|Department of Public Information • News and Media Division • New York|
Daily Press Briefing by the Office of the Spokesperson for the Secretary-General
The following is a near-verbatim transcript of today’s noon briefing by Martin Nesirky, Spokesperson for the Secretary-General.
Good afternoon, everyone, and welcome to the briefing.
In Addis today, the Secretary-General received the report of his High-level Panel on Global Sustainability from the co-chairs of the Panel, President Zuma of South Africa and President Halonen of Finland.
The Secretary-General said that sustainable development was a top priority for his second term. He added that we needed to chart a new, more sustainable course for the future, one that strengthens equality and economic growth while protecting our planet. As you know, the 22-member Panel was established by the Secretary-General in August 2010 to formulate a new blueprint for sustainable development and low-carbon prosperity. Its final report is entitled “Resilient People, Resilient Planet: A Future Worth Choosing”. It contains 56 recommendations to put sustainable development into practice and to incorporate it into economic policy as quickly as possible.
The Secretary-General noted that he already moved ahead on two of the Panel’s recommendations — strengthening the Sustainable Development Strategy for the UN system and launching the Sustainable Energy for All Initiative. He also said that the report was a valuable input in the lead-up to the “Rio+20” Conference in June and called on Government Ministers and policymakers, business and civil society leaders, and young people to work together to create a future worth choosing.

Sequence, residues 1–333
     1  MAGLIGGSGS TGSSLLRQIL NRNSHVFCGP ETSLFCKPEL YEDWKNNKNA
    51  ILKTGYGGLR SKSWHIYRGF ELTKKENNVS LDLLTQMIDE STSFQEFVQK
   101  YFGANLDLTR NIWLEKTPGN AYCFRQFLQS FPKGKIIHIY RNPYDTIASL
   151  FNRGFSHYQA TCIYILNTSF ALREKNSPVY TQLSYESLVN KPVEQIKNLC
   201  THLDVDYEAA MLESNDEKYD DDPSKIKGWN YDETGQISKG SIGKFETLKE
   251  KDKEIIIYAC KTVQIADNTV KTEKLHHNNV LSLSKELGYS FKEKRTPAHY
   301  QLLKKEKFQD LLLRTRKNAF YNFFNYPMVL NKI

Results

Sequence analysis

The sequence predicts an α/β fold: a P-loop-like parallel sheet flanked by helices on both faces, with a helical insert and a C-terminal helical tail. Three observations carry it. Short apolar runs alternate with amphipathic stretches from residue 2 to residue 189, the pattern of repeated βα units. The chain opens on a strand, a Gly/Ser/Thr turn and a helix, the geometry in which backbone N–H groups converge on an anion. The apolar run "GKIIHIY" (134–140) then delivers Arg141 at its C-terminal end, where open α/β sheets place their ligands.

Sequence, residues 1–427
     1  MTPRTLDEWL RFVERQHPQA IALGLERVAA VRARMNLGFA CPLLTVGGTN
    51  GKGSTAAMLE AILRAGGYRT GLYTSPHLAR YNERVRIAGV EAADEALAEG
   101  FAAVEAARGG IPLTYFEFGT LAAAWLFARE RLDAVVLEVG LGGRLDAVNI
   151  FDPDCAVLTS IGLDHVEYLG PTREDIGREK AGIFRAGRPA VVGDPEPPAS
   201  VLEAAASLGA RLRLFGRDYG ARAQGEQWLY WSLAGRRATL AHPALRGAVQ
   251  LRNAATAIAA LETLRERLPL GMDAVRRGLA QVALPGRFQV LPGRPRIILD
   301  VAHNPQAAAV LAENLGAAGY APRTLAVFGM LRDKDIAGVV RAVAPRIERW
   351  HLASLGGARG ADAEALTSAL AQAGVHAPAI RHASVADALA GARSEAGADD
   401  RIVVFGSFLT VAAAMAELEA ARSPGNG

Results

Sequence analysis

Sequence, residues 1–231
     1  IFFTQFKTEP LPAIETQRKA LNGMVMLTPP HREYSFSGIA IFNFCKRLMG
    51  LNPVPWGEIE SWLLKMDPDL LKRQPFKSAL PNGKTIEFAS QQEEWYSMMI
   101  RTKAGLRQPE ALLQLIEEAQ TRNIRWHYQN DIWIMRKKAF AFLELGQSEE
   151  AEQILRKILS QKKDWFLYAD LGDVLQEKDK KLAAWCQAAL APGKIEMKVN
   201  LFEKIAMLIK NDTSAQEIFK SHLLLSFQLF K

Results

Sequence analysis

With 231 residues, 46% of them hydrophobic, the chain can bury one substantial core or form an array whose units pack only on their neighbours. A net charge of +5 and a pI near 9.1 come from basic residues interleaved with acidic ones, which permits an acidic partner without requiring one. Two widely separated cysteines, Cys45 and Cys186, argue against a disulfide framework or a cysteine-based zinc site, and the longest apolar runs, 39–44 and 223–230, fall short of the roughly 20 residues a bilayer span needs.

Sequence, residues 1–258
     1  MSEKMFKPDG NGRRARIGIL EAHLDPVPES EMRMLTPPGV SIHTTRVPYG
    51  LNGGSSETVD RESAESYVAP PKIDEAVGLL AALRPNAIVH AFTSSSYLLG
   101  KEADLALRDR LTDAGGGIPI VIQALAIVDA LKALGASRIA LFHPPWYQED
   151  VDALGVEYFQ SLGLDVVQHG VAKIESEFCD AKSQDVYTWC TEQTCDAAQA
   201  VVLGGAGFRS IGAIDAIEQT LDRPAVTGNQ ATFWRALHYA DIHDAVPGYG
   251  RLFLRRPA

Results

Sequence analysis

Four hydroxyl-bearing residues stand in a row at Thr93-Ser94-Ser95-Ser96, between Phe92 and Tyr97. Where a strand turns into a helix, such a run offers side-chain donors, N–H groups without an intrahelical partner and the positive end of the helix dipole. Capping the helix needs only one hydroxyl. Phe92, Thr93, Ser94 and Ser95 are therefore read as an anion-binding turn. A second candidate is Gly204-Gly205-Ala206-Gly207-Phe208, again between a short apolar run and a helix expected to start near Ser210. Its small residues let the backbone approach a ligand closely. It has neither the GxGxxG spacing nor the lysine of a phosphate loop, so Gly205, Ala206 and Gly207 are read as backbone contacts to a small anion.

On Sunday the Secretary-General attended the African Union Summit. Addressing the leaders at the opening ceremony, he said he saluted the leaders’ efforts to build African prosperity. He said the challenge was to transform Africa’s potential into progress for all.
He said 2011 had been a year of high drama. He told leaders there had been operational and strategic differences in how the United Nations had addressed the situations in Côte d’Ivoire and Libya. He saw this as natural in an organization as varied in its membership as the United Nations, but that differences had been handled through dialogue, engagement and collaboration.